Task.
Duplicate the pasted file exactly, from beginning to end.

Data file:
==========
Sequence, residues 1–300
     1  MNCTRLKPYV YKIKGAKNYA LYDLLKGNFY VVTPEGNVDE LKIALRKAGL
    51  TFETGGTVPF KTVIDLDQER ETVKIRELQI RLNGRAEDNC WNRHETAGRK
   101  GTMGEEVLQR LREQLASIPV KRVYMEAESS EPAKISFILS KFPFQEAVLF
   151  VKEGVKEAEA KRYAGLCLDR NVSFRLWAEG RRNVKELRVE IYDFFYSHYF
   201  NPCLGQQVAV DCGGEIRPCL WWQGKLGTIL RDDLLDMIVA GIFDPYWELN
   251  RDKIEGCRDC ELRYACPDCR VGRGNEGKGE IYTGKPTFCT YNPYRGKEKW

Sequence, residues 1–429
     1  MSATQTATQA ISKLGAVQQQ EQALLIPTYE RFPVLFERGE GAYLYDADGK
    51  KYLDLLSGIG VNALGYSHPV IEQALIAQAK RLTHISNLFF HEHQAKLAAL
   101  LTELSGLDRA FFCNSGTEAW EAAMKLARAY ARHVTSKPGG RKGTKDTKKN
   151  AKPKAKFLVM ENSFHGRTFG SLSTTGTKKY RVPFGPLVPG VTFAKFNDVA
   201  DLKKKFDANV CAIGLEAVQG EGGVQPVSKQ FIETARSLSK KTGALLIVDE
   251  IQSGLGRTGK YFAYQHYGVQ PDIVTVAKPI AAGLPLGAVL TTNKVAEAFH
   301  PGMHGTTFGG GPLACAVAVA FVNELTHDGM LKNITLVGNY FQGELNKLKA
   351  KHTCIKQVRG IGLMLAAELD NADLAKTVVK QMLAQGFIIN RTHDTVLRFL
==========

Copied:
Sequence, residues 1–300
     1  MNCTRLKPYV YKIKGAKNYA LYDLLKGNFY VVTPEGNVDE LKIALRKAGL
    51  TFETGGTVPF KTVIDLDQER ETVKIRELQI RLNGRAEDNC WNRHETAGRK
   101  GTMGEEVLQR LREQLASIPV KRVYMEAESS EPAKISFILS KFPFQEAVLF
   151  VKEGVKEAEA KRYAGLCLDR NVSFRLWAEG RRNVKELRVE IYDFFYSHYF
   201  NPCLGQQVAV DCGGEIRPCL WWQGKLGTIL RDDLLDMIVA GIFDPYWELN
   251  RDKIEGCRDC ELRYACPDCR VGRGNEGKGE IYTGKPTFCT YNPYRGKEKW

Sequence, residues 1–429
     1  MSATQTATQA ISKLGAVQQQ EQALLIPTYE RFPVLFERGE GAYLYDADGK
    51  KYLDLLSGIG VNALGYSHPV IEQALIAQAK RLTHISNLFF HEHQAKLAAL
   101  LTELSGLDRA FFCNSGTEAW EAAMKLARAY ARHVTSKPGG RKGTKDTKKN
   151  AKPKAKFLVM ENSFHGRTFG SLSTTGTKKY RVPFGPLVPG VTFAKFNDVA
   201  DLKKKFDANV CAIGLEAVQG EGGVQPVSKQ FIETARSLSK KTGALLIVDE
   251  IQSGLGRTGK YFAYQHYGVQ PDIVTVAKPI AAGLPLGAVL TTNKVAEAFH
   301  PGMHGTTFGG GPLACAVAVA FVNELTHDGM LKNITLVGNY FQGELNKLKA
   351  KHTCIKQVRG IGLMLAAELD NADLAKTVVK QMLAQGFIIN RTHDTVLRFL